I have been wanting to write about this movie since it was released back in November of 2020, but it’s a tough one to suss out. This is a movie that’s all about mood, and a lot of backstory and explanation gets sacrificed to that, but overall I think this works in its favor. It’s not a perfect film, but it is perfectly intentional, and I get the sense that not one sentence or shot is wasted here; that every single thing is weighted with meaning. Now that I’ve chewed it over for a year – which is a lot of chewing – I feel like I can finally summarize my thoughts. In the past when I tried, I found myself over-analyzing every scene and utterance, because the film does lend itself to this, but at this point I think I’ve finally synthesized everything enough to give more cohesive and conclusive thoughts without getting too bogged down in details.
SPOILERS BELOW! Don’t read if you don’t want to know.
Reason for Filming: It’s a movie, that’s why. (In other words, this is not found footage)
What’s the Horror: Family breakdowns, and also demons
Does the Dog Die? No dogs, but many sheep. So many, many sheep.
Gore Factor: Scale of one to ten? I’d give it a four. There’s not much, but there’s some. Including the aforementioned sheep.
Character Quality: Excellent, albeit completely reserved to the point of being withdrawn. Which is the point, so it works. The acting is stellar.
Re-Watch Scale: Oh man. This is such a good film, but it’s too bleak to be re-watched often. I enjoy a lot of horror movies and find them to be so much fun. This movie is NOT fun. It’s one of the bleakest I’ve ever seen. There’s not one moment of levity in the whole thing. It’s brilliantly and intentionally done, but this is one rough watch. In fact, although I am rarely actually scared by a horror movie anymore, the sense of despair is so dense here that the horror elements pack a pretty terrifying punch, and this one really did scare me a little. So that’s something.
SPOILERS AHEAD – LAST WARNING
The Dark and the Wicked is about just that. It’s about the role darkness and wickedness plays in all of our lives – how we can be consumed by our own darkness and give in to it to the extent our wickedness ekes out of us and latches on to the ones we love. When we descend into darkness, it turns out we don’t necessarily go down alone. We may be taking others with us without intending to do so. And how much of that is our fault?
There’s a home care nurse in this story who tells one of the main characters that she believes in God, and therefore she must believe in the Devil, too. And she believes the Devil, and the evil he generates, can come for anyone, at any time, at random. Without meaning or warning. But love – love can protect a soul from the Devil’s darkness. The flaw in her explanation, however, is that she makes love sound so simple. If you’re family, you love each other. And if you love each other, that love is always pure, and reciprocated, and is never selfish, or flat-out inadequate. But we all know love isn’t always pure and perfect and kind, and we don’t – or can’t – always access it to the capacity we need to when the times require. Sometimes we just don’t love others the way we should. Sometimes we fail; we just don’t always get love right. And the consequences of that here are tragic.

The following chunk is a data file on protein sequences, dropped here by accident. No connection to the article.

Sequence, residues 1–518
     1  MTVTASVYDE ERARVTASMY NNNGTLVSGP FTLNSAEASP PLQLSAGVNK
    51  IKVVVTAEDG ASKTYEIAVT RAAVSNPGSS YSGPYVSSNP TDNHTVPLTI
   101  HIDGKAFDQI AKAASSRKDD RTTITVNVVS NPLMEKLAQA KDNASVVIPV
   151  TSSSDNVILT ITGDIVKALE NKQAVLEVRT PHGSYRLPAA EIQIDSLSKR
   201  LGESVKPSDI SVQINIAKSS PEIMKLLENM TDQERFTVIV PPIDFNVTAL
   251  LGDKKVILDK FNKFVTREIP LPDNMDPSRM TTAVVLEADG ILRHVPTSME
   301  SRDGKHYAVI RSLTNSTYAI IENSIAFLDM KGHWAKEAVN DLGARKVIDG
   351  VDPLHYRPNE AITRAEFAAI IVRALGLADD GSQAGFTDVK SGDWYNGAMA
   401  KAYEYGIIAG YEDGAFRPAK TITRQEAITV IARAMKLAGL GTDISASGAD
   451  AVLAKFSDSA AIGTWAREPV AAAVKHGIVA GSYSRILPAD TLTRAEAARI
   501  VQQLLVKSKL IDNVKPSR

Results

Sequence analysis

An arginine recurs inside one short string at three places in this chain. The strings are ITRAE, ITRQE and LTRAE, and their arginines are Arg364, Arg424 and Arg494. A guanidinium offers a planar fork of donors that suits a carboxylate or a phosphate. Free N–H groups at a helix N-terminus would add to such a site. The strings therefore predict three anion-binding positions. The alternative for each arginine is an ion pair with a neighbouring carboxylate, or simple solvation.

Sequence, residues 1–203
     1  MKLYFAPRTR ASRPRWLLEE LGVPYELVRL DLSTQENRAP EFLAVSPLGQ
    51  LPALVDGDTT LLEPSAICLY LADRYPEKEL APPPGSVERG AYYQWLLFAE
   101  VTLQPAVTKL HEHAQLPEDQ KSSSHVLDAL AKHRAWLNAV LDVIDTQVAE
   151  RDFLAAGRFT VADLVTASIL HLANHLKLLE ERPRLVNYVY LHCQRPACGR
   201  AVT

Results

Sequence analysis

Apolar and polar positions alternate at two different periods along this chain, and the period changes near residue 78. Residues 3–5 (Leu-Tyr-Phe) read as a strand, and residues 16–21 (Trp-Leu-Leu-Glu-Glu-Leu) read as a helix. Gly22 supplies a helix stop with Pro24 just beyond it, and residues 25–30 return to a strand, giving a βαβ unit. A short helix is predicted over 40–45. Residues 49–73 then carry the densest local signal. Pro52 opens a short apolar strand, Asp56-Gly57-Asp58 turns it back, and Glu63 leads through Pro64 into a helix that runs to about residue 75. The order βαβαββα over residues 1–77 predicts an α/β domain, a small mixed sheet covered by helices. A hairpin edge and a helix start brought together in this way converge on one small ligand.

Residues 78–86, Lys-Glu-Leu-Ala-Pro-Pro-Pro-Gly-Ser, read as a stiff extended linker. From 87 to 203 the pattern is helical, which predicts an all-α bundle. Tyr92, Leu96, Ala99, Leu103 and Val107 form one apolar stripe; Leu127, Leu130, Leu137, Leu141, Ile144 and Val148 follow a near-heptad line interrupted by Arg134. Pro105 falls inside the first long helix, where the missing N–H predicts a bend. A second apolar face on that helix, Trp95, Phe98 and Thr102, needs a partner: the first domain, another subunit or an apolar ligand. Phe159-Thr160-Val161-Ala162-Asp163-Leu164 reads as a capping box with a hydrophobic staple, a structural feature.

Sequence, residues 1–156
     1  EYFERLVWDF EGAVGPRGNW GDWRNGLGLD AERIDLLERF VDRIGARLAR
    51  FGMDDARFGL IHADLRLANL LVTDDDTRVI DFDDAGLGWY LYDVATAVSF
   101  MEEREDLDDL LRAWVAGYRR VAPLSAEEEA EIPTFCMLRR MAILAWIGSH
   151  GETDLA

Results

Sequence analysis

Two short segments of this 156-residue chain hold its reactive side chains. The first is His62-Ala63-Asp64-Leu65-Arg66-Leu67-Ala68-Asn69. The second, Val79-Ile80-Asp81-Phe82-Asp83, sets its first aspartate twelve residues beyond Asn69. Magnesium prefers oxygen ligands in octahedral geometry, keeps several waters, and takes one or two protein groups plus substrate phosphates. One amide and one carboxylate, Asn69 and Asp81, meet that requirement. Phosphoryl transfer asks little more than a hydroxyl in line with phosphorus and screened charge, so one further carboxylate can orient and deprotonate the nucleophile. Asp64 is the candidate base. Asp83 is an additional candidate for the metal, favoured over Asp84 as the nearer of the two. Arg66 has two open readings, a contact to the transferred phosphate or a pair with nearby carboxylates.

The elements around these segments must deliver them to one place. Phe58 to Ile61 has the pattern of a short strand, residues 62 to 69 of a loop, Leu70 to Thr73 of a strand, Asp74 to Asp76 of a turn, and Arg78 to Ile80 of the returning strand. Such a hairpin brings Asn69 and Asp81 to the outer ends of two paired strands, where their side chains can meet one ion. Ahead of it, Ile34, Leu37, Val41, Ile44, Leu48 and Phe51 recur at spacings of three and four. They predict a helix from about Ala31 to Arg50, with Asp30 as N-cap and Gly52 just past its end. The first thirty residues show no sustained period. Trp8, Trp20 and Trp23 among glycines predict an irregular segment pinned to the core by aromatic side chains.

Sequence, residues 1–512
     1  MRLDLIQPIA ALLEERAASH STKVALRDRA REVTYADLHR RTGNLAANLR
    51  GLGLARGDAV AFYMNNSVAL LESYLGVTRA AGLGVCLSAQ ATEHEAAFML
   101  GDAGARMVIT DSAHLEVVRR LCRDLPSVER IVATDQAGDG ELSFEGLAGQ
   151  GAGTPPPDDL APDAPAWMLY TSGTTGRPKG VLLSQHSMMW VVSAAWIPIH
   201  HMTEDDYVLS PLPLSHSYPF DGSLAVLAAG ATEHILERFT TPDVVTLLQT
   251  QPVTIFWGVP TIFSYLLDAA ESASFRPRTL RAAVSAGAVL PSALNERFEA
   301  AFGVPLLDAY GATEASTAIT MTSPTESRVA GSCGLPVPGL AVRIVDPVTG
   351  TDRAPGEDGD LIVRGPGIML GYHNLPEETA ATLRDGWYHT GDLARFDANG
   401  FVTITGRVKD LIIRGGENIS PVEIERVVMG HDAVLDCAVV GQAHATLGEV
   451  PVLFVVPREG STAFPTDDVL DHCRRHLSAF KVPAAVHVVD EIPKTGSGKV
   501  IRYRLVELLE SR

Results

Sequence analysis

The film’s setting is somewhere in Texas, on a bleak sheep farm out in the middle of honest-to-God nowhere. Interestingly, the director grew up on this very farm, so I’m going to hope the way he portrays this farm in his film isn’t the way he experienced it growing up because damn – it’s bleak as fuck in every single shot. Wide angles stretching out the brown, flat, winter nothingness. Miles of brown grass and grey skies and lots of wind, and wolves that howl at night, and shadows. Dark, heavy silhouettes dominate as a motif in the movie, as we repeatedly see characters in full shadow, lit only from behind, everything but the shape of the body unknowable. People as empty shells, or dense as heavy voids.
But I’m already getting bogged down in details. The premise is this – Mama and Papa run the family farm alone, their two grown children having left long ago. But Papa is dying – has been for some time, it seems – and it’s getting to the point that Mama can no longer cope on her own. Enter Michael and Louise, their two children, who arrive on the farm on the same day after being called there by the home care nurse who tends to Papa during the day. She thought having family around him would help. She’s – not right about that.
In fact, according to Mama, the opposite is true: she repeatedly says the kids should not have come, which overall isn’t an unusual thing for someone to say after tending to a dying partner for some time. There’s a tendency to get used to going it alone, and even preferring it that way, and not wanting to burden other people, which is unavoidable since you and you alone know how burdensome the situation is. The guilt just makes things harder. But. That does not seem to be the motivation of Mama here. She never looks her children in the eye, and keeps her back to them as much as possible. She says other things that are more ominous and menacing. “You shouldn’t be here,” she says repeatedly, which – is a different thing to say, entirely.
It’s easy enough though, to write this off as stress and grief and strain, which is what Michael and Louise do. We see these two try to make small talk with each other, and it’s painful. It’s clear they have nothing to say, that they’ve been estranged, and that Louise is perhaps a bit more estranged from her parents than her brother. “When’s the last time you called them?” Michael asks. “She called me on my birthday,” Louise responds, which – ouch. I know that one. Louise never calls.